Want to take a unique motoring vacation through the Northeast next month? There’s still a chance to register for the Rally Around The Ivy League tour. “The window of opportunity is still open a crack,” says organizer Timothy Cataldo. “Call immediately on 203.451.5127 or email firstname.lastname@example.org to reserve your spot now!” Below is Cataldo’s description of the event, which we first posted last December.
* * *
Everyone knows “The Official Preppy Handbook,” which first came out when I was in high school, and I still have my copy right here on the desk as I type this. The wisdom and cheek of this pink and green bible still makes me smile and shake my head, even after all these years, in wonder and admiration. So I’ll begin this quixotic adventure there:
Officially the Ivy League is nothing more than an athletic conference, comprising eight colleges….These schools are not entirely the oldest, the best – or even ivy-covered. But in the public imagination, they are something very special.
Before the term “Preppy” was popular, “Ivy League” was used to describe a certain kind of person…He was smart, rich, well-educated – or at least he presented himself that way. The Ivy League schools became the mythic focus of the American notion of the young elite.
[But] what’s the point of going to the Right Places if you don’t travel in the right style? Drive off the ferry on Nantucket in a Firebird Trans-Am and you’re really nowhere at all.
The car is as much a key part of Prep paraphernalia as a club tie or the ubiquitous duck. If, that is, it’s the Right Car – the Proper Make, in an Accepted Color, Appropriately Adorned.”
Recently I watched “Love Story” with my son, and even though it’s dated, it’s still pretty witty and charming. And talk about the right cars: Oliver’s 1945-sh MG TC Midget – I love the fact that he and Ali McGraw drive it without the top, summer or winter. His dad (played by Ray Milland) drives a 1969 Jaguar XK-E 4.2 Roadster, in “greensand” with a black convertible top. The license plate is “OB 3” for Oliver Barrett III – a very nice touch – some people can’t get enough of monogramming.
“The Great Gatsby” is and always will be my favorite book, and the thrill that Fitzgerald’s writing gave me when I first opened up my mind to his mellifluous prose, after thoroughly hating Hemingway, is always remembered fondly and with awe. Yes, we could go on and on about Gatsby’s shirts and shoes, and Daisy’s dreamy dresses, but I’m more interested in the car, as people have imagined it, since Fitzgerald was uncharacteristically vague on make and model.
“On weekends,” he writes, “his Rolls-Royce became an omnibus, bearing parties to and from the city between nine in the morning and long past midnight.” The RR was most probably a 1922 Silver Ghost.
It’s a bit curious, then, that Robert Redford drives a 1928 Rolls-Royce Phantom for a story set in 1922; and Leonardo DiCaprio drives a 1929 Duesenberg Model J in the recent adaptation. Nitpicks aside, these are gorgeous monsters that represent and incarnate Fitzgerald’s muscular sense of privilege and masculine love/longing of the automobile in general, and Princeton in particular.
Chris Miller, one of the writers of “Animal House,” was a Dartmouth grad, so we’re going to include the 1964 Lincoln Continental that Flounder borrows from his brother and that eventually becomes the Death Mobile on our list of Ivy League rides. This one has personal meaning to me since we had the same car (in Ivory) when I was growing up, generously given to my mother by her parents – it was the most luxurious thing I had ever seen. In my mind’s eye it’s still the standard for exquisite. Otter’s 1959 two-tone Corvette Convertible C1 is exactly the kind of car a frat-boy lothario would drive. Greg Marmalade’s 1960 MGA 1600 Roadster was the best selling MG of all time – over 100,000 of this model were manufactured – and perfect for an unoriginal twerp like him.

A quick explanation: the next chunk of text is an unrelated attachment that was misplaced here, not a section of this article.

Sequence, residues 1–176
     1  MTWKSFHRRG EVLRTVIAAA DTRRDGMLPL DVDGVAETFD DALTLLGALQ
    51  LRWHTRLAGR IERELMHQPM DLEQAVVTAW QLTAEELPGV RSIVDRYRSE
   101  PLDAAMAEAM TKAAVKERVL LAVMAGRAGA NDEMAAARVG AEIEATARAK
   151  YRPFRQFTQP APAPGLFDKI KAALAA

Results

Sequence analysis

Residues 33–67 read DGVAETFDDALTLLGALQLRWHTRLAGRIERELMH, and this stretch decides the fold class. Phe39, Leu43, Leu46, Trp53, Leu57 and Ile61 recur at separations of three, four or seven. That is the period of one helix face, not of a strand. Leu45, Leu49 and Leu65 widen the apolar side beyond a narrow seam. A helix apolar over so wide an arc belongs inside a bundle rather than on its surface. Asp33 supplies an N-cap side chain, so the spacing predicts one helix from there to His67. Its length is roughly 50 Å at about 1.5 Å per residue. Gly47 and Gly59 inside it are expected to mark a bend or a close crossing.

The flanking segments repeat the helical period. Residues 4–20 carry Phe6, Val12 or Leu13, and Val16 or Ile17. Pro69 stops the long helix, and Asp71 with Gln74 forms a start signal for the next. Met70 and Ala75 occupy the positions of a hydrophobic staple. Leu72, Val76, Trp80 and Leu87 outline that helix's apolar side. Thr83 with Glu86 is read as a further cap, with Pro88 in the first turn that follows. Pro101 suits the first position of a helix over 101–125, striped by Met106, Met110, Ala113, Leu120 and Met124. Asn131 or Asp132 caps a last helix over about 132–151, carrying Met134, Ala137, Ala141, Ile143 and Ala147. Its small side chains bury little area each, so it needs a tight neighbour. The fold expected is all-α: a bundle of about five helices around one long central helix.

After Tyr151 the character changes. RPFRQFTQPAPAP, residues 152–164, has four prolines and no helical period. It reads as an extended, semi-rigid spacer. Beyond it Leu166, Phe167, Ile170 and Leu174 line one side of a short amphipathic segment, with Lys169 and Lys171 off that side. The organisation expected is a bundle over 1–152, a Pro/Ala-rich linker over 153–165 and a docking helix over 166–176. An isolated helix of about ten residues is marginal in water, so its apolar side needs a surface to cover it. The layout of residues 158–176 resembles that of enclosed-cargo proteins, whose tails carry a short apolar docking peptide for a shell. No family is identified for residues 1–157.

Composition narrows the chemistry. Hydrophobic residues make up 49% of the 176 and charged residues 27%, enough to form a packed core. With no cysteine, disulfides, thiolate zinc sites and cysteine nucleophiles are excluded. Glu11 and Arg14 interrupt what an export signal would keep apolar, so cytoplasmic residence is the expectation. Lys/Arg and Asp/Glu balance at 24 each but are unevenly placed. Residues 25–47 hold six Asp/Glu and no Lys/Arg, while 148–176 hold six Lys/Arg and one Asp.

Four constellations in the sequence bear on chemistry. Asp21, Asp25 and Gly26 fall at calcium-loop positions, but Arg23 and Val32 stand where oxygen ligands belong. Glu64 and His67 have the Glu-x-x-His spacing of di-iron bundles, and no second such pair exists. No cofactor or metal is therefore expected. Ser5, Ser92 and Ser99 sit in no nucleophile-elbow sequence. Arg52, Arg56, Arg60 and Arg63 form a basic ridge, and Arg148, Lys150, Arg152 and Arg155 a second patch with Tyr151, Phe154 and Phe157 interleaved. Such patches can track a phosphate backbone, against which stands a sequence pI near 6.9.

You don’t get more Ivy League than Anton Myrer: Boston Latin; Philips Exeter Academy; Harvard, and then a U.S. Marine serving honorably in WWII. His wistful book “The Last Convertible” made a great impact on me in my younger and more vulnerable years. It’s a charming and nostalgic character-driven snapshot in time. The eponymous automobile was a green, 1939 Packard convertible, nicknamed The Empress, a metaphor for carefree youth, lost forever once war broke out. And man, the guy can write. The story kind of reminds me of a couplet from Dylan Thomas: “Time held me green and dying/though I sang in my chains like the sea.” Unfortunately, his is a world we are losing or have already lost.
Fast forward back to today: I’m not an Ivy Leaguer, or a preppy, and I definitely don’t have the right anything. I’m a college dropout, drive the wrong car in the wrong color, inappropriately adorned: a laughably underpowered and bashed-up 5-speed Fiat that dates back to a time when Brezhnev was still running the world scared. Sartorially, I dress kind of like an unshaven, tone-deaf Keith Richards, and that’s on a good day. But we all have dreams, don’t we?
I always wanted to experience the Mille Miglia in Italy at least once in my life, but it’s just not possible, logistically, financially, or emotionally at this stage in the game. I researched road tours in here in the States, and 1,000 miles in Texas just didn’t appeal to me. So I came up with my own preppy romantic adventure that I thought just might be authentic and original enough to fly: The Old’s Cool Tour – Rally Around The Ivy League.
The assignment is easy: have fun whacking your vintage automobile (at least as old as your graduation year, or 25 years minimum) 1,000 miles through scenic New England, New Jersey, and Pennsylvania, visiting en route each of the eight most prestigious and gorgeous universities on the planet. Do so with friends, lovers, classmates, or fellow car aficionados.